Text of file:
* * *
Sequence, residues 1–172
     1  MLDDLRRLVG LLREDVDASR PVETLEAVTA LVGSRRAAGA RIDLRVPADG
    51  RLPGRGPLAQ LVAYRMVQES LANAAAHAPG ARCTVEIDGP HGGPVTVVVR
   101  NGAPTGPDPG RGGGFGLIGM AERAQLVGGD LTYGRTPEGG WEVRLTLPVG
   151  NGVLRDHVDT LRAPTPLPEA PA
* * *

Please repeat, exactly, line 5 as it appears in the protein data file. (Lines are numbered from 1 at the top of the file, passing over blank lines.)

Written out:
   151  NGVLRDHVDT LRAPTPLPEA PA